Sprouting grains is probably the cooking tip with the highest effort/reward ratio.
Sprouting may sound like sky-rocket science, but it's a straightforward process.
You may have sprouted a bean as mid-school homework to unveil how mother nature works in front of you.
It's nice to see how life emerges in front of you, provided the right conditions. The beauty lies in the fact that these conditions are elementary: humidity and sunshine.
Sprouting pays off. Whatever grain you choose to sprout will reward you with:
- an increased amount of nutrients
- a change in flavor
- a different texture
- an evolved version of an available kitchen ingredient.
The germination process triggers a release of stored nutrients that the young shoot requires, making the sprouts more nutritious than the seeds. The germination process also reduces the concentration of trypsin, an enzyme found in the dry seeds that inhibits the seeds' bioavailability. Once this inhibitor is broken down, the nutrients from the grains can be absorbed by the digestive system.
- Increased protein content: During the germination process, the protein nutrients are made readily available, making them easier to digest and absorb.
- Higher Fiber Content: leading to improved gut function, thus helping the rest of the body's overall health.
- Cholesterol Control: since lentil sprouts contain folate, they prevent the early onset of artery damage, which contributes to heart disease as well as increased risks of developing a stroke
- They contain Polyphenols, health-promoting phytochemicals with a robust antioxidant effect, and an anti-inflammatory and neuroprotective effect on the nervous system.
- Increased Minerals Uptake: by expanding mineral content such as magnesium, iron, phosphorus, and zinc, it boosts the over 300 biochemical reactions in your body, such as forming hemoglobin and supporting the immune system.
I understood when I read it once in a very simplistic way.
A seed can create life and create a whole new plant or tree; it is like an egg. When you sprout them, you are unlocking this potential and making it readily available to be more easily absorbed by your body.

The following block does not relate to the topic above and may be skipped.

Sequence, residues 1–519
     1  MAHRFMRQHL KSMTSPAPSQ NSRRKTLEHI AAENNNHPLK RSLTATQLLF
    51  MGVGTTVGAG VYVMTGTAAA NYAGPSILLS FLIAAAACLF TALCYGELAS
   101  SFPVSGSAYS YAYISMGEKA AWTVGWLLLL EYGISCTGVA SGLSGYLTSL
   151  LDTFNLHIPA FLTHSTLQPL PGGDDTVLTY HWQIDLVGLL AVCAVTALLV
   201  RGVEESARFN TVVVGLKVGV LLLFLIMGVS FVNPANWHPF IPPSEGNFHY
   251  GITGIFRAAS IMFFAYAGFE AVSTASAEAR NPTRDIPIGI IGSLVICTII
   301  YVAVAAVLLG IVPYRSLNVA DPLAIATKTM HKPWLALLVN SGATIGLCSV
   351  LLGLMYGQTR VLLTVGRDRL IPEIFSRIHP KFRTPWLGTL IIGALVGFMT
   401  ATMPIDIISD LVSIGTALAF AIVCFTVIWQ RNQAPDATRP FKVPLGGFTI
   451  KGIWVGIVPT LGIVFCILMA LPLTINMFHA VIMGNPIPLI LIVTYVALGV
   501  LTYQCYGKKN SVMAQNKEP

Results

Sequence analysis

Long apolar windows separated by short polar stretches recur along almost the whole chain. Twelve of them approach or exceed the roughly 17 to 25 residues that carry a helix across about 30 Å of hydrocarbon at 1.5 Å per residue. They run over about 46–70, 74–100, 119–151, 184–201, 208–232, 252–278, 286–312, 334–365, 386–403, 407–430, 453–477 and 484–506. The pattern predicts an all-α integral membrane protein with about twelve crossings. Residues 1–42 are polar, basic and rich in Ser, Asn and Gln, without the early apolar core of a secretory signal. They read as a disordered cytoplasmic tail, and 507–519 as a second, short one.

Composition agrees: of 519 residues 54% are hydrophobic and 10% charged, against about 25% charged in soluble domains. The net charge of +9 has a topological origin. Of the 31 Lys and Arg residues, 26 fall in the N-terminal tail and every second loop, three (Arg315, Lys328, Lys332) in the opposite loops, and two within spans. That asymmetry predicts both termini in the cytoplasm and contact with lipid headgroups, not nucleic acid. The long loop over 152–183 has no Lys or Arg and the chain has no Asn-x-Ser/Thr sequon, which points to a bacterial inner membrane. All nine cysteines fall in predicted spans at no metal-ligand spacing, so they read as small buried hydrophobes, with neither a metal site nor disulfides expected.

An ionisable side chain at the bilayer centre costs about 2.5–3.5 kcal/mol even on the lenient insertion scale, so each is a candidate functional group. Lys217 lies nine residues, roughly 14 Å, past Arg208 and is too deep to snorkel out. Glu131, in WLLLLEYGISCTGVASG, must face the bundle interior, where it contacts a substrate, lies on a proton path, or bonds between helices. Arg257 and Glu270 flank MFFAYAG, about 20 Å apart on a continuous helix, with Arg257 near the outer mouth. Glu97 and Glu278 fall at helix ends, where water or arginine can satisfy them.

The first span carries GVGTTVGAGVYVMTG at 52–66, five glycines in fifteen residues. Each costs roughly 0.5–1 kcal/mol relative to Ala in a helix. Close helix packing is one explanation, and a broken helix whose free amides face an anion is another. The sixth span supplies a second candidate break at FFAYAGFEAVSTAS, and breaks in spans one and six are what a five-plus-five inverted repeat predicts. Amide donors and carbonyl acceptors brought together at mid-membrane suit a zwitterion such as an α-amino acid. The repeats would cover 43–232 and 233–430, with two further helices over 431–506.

Change in Flavor
The flavor of sprouted grains is significantly different than their seeds predecessors.
I like having more ingredients and options in my kitchen. For example, I make salads and soups with sprouted lentils different from those I make with lentils.
I enjoy a lot adding different textures to my dishes. I like finding something crunchy when it is not expected or something silky in the middle of a crispy bite.
Sprouts usually add either a crunchy texture when eating them raw or a silky one when cooked for a couple of minutes.
The varieties found in food textures are a great resource when you want to get creative in the kitchen or give a twist to create a new dish.
In the end, you end up creating an evolved version of an available kitchen ingredient, one with a different flavor, texture, and an increased nutritional value.
What to sprout
You can sprout lentils, beans, soybeans, chickpeas.
Different seeds will need less or more time to sprout. So, lentils need less time than chickpeas.
Sprouting: how to?
- In a flat pan, let 7 ounces (200 grams) of lentils soak in water for 1-3 days, watering them until no more water is absorbed; let them close to a window where they can catch the sunshine.
- After they have doubled their size, keep adding a little water to hold some moisture and stir them.
- When you start seeing the sprouts, they are ready (feel free to leave them another day for them to become even softer).
You can consume them as they are in salads, cook them for not more than 3 minutes or store them in the fridge. You can keep freshly harvested lentil sprouts in the refrigerator for up to one week. The cold temperature within the fridge prevents bacteria's growth, which would otherwise decompose the stored lentil sprouts.
Use your sprouted lentils!
Want to know more about sprouting. Check this link.
The information shown is an estimate provided by an online nutrition calculator. It should not be considered a substitute for a professional nutritionist’s advice.
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